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B.C. doctor makes international headlines for 'climate change' diagnosis

Vancouver -

A B.C. doctor has captured the world's attention by likely being the first physician to diagnose a patient with "climate change."

Nelson-based Dr. Kyle Merritt gave the controversial diagnosis over the summer, saying the symptoms a patient in her 70s was seeing all tied back to one thing.

Those effects included heatstroke, dehydration and breathing issues. As he treated the patient, he started thinking about underlying issues. He ultimately diagnosed her with climate change.

To hear Merritt tell it, he's just a small town family doctor, interested in being accurate and helping his patients.

But with one diagnosis, he made headlines around the world.

"I'm not used to this amount of attention that I've been receiving recently over the past couple of days here. Yeah, it's interesting the way that things I guess make an impact," he said.

That diagnosis came as the province was in the grips of an unprecedented wildfire season, then punished by oppressively hot temperatures. The emergency department he works in was busy with those suffering from heat-related issues.

He noted many patients had similar symptoms as temperatures in parts of B.C. climbed above 40 C.

"As I started to see more and more of this and started to make those connections between what was happening with the climate and my patients' health, it became upsetting, honestly, to see the effects that were happening on people," he told CTV News in an interview.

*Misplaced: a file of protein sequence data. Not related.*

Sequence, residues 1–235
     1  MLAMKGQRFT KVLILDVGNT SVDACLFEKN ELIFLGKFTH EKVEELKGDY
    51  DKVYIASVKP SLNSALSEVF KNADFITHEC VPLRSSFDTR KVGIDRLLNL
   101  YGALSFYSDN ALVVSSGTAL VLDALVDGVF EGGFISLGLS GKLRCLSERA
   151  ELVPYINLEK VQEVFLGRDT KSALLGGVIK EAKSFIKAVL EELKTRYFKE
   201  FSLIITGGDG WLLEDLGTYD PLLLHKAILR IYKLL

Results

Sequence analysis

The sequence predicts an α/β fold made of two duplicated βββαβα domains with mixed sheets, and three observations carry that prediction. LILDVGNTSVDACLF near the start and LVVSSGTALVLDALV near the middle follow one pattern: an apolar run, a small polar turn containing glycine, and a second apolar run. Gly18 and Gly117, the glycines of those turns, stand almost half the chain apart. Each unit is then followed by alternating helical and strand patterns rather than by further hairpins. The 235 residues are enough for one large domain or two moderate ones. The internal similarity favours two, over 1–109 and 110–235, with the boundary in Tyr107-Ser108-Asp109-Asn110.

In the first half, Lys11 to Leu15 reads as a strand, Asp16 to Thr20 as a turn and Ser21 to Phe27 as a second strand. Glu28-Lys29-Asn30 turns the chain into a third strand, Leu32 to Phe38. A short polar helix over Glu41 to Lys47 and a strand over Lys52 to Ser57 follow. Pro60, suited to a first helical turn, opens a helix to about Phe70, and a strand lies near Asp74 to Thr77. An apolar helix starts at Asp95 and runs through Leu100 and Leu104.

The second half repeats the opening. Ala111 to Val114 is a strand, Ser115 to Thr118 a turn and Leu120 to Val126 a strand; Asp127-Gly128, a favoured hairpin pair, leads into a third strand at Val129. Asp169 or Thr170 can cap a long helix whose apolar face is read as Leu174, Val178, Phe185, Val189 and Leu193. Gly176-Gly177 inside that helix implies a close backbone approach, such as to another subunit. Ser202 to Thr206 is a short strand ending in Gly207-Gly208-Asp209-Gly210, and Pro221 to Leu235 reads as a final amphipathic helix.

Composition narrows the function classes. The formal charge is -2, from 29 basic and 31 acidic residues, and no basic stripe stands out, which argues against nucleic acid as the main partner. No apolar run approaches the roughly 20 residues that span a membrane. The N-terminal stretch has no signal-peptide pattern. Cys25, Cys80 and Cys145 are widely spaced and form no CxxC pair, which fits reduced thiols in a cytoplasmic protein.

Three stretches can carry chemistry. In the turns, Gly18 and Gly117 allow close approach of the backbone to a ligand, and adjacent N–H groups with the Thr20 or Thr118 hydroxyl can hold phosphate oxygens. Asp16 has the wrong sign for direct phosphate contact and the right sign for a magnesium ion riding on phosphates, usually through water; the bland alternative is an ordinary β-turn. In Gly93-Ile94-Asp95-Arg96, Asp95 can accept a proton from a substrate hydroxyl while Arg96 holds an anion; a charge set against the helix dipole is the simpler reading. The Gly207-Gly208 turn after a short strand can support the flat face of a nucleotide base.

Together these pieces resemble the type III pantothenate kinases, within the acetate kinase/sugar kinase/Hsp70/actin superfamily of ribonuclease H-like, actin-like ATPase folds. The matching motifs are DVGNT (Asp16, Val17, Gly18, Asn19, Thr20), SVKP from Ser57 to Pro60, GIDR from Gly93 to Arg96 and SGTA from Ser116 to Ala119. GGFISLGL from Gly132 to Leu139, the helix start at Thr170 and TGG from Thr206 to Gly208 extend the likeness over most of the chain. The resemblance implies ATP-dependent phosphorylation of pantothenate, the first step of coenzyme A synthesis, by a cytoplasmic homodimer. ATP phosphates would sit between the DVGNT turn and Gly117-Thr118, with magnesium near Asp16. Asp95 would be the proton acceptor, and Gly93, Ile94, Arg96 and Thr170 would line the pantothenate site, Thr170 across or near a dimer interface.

Merritt said he could see that climate change was impacting those who were impoverished and vulnerable.

"So people that can't afford air conditioning, for a variety of reasons, can't escape the smoke, etc., have to work outside. Those are the folks that we're seeing the highest impacts on. And as physicians, it's our responsibility to start looking at those underlying causes and trying to advocate to protect our patients," he explained.

The doctor is also a member of Doctors for Planetary Health. On their own time, members of the group advocate for policy makers and the public to take action and be aware of the impacts of global warming. He and other doctors are clear, their views are their own and not necessarily their employers'.

Dr. Linda Thyer is a founding member of the group. She works with young people and told CTV News she's also seeing the impact the climate crisis is having on that demographic. Along with physical impacts noted in Merritt's diagnosis are the mental health impacts.

"We're seeing this playing out in many ways. Some of them are losing hope for their future. They're not necessarily seeing that there's a point to going to university, to saving for retirement, and many are even considering whether they want to have kids," added Thyer.

Another doctor, Maura Brown, outlined some of the positive things people can due to reduce climate change and its impact on their health. She listed going vegetarian more often, walking or biking to work and heating homes with electric pumps as options that can make a difference, and may also make people feel they have some sense of control over what's happening.

At a community level, she said talking about the issue and anxieties can also help.

"If you do something to contribute, you gain a sense of advocacy, you become part of the solution instead of part of the problem. And that just really helps people," she told CTV News in an interview.

She added for young people, it can really help to see older generations step up to address the issue. Top Stories

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